Madison Jackson is a graduate student at the Chatham University MFA program in Creative Nonfiction Writing and is the founder and executive director of the Global Jewish Pen Pal Program, which matches Jews from around the world as pen pals to help people learn about Jewish life in other countries. She is traveling throughout Europe this summer and writing about Jewish life in diverse locations.
I’m waiting outside the West Hampstead tube station, conspicuous in my red, white and blue dress. It’s July 4th, and I am dressed to represent my country, even while across the ocean in England. The irony is clear.
A young woman approaches me, wearing a white dress with blue symbols of London covering it from top to bottom. She is also wearing a large, tan hat, dark sunglasses and red lipstick. Instantly I recognize Global Jewish Pen Pal Ashley from the photo she sent me that morning.
We are meeting in North London, the area where most of the city’s Jewish community lives. Before coming here, I pictured the area as small and closely connected. Instead, the towns with significant Jewish populations such as Borehamwood, Finchley, Bushey, Golders Green and West Hampstead seem to be spread out.
As we walk past Roni’s Bagel Bakery and Café, an Israeli bakery where Ashley buys fresh challah every Friday before Shabbat, she tells me about the Liberal Jewish Synagogue she attends, which she says is “progressive.” She joins services there every Shabbat, usually over Zoom, but she also tries to attend in person at least once a month.
“They project the words to all prayers on the wall of the synagogue, which is amazing,” she tells me.
Ashley explains that while most of the people attending services in person are Londoners, since they began being broadcast on Zoom, people have been joining in from all around the world. “My pen pal, Marina, in New York City and I have attended Shabbat services at each other’s synagogues over Zoom,” she says.
Ashley, 28, discovered she was Jewish when she was 14, while living in California. She overheard a conversation between her mother and her grandfather’s ex-wife. It turned out her grandfather was Jewish and had kept that a secret after surviving the Holocaust. Ashley wanted to know more. She researched her family history and began engaging in Jewish cultural life as much as she could, but didn’t formally convert to Judaism until after her grandfather passed away and she moved to England.
She thought there would be something romantic about returning to Judaism in the continent where her grandfather was from, something fulfilling about becoming Jewish in the place where her Jewish ancestry had started. After escaping Germany during World War II, her grandfather first made his way to England.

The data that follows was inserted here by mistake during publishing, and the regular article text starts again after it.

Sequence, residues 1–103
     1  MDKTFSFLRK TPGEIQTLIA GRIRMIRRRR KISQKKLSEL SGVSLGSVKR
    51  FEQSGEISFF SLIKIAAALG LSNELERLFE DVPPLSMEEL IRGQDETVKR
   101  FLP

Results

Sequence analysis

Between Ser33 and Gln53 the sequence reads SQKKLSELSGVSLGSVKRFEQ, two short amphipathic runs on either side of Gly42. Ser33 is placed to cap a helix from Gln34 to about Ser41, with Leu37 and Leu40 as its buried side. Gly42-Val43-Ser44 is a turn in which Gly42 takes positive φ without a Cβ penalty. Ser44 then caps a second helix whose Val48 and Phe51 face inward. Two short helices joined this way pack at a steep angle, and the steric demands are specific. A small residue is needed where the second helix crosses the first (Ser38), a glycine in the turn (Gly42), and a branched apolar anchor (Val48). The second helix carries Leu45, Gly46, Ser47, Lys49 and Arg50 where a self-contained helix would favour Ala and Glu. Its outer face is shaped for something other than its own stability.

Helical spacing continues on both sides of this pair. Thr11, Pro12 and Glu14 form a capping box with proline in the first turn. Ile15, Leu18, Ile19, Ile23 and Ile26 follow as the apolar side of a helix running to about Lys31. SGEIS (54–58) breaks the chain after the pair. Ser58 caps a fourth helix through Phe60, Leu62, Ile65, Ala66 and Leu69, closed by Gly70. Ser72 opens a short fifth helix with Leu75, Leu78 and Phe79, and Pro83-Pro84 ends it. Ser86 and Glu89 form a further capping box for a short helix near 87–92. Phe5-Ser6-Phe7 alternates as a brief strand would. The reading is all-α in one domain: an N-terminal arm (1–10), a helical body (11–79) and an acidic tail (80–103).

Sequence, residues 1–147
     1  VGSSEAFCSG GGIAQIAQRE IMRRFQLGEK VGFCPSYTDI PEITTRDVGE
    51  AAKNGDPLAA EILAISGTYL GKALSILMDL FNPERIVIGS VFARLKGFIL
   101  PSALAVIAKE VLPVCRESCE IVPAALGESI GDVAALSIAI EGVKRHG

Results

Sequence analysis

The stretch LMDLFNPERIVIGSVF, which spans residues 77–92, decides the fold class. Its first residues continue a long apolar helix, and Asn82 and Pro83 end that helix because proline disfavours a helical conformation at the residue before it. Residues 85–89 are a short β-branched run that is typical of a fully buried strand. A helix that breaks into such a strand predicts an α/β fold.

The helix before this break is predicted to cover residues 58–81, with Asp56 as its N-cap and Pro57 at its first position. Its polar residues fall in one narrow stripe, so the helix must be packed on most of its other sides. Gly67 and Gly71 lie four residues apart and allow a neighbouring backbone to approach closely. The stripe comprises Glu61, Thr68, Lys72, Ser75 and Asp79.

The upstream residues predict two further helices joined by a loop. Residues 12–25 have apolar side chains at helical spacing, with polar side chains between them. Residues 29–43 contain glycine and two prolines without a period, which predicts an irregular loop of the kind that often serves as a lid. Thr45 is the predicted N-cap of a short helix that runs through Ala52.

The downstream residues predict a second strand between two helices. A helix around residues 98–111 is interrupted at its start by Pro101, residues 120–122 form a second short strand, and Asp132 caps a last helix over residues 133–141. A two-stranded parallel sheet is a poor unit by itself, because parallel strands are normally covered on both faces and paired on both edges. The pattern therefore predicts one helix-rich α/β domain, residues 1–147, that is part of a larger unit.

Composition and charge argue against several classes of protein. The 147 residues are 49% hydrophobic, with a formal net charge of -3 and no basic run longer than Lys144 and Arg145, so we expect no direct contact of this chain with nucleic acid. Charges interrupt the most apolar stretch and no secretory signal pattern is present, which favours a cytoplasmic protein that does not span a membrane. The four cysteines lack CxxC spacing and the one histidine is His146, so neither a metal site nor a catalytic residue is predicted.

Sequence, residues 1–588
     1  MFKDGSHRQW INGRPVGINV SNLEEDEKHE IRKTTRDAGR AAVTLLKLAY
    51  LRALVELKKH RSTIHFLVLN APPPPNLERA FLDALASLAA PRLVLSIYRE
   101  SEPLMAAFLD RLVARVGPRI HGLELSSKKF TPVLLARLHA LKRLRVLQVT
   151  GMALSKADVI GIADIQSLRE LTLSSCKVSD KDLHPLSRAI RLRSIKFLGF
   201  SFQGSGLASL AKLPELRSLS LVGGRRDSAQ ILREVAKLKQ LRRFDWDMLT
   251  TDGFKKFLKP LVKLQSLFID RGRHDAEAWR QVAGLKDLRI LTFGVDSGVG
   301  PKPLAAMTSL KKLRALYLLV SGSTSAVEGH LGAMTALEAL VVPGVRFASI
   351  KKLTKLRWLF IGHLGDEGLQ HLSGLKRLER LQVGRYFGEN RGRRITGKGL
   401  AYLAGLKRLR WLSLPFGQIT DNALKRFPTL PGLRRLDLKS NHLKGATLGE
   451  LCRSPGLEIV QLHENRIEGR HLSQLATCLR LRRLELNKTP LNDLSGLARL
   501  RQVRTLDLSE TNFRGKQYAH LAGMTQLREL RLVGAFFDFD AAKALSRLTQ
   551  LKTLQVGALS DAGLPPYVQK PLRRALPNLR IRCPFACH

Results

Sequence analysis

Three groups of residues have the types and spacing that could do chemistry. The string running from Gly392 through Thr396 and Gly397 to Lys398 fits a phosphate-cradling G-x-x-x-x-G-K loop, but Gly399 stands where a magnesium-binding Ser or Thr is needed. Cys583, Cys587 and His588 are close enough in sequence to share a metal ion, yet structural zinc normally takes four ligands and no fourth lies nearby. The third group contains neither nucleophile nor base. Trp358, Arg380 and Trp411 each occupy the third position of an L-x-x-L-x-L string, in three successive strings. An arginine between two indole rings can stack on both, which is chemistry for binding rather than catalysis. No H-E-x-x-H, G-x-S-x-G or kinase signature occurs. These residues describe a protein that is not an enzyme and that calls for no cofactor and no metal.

I tell her how growing up knowing I was Jewish from birth, I sometimes felt like I took my religion for granted. But coming to Europe and meeting Jewish people who had to make an active choice to practice Judaism, where often it was the children teaching Jewish customs to their parents, I was inspired to delve deeper into why I believe the things that I was taught to believe.
Ashley says that while she enjoys being Jewish in the U.K., sometimes she wishes for the Jewish atmosphere prevalent in places like California or New York.
“Jews in London can feel quite lonely,” she says. “Most stores don’t even sell generic Hanukkah cards, or a menorah or gelt during Hanukkah. It is not like in the States where you can buy Hanukkah decorations in any store during the season.”
Prior to arriving in London, I thought I wouldn’t feel comfortable wearing my Jewish star necklace around the city. But one morning I cautiously placed my necklace around my neck, deciding to test the waters — and everything was fine.
The U.K. experienced a record high of antisemitic incidents in 2021, according to the U.K.’s Community Security Trust, so some people told me to expect lots of security at Jewish institutions in London. At the Jewish Museum in London there was one security guard outside the building. He looked in my purse before I entered. At Westminster Synagogue, where I went on a tour of the Czech Memorial Scrolls Museum, there was one guard inside the building, but he didn’t look in my bag or ask me any questions. At the Jewish Community Center JW3, there was a guard who asked why we were coming there, but that was all. Anyone could walk into the building. The level of security didn’t seem to be that different than what we experience in America.
I am grateful for the conversation I had with Ashley as we walked around the area of London which has become her home. I look forward to meeting more Jewish pen pals, and learning about Jewish life in other European cities, as I continue to the next stop in the Global Jewish Pen Pal Program Europe Tour. PJC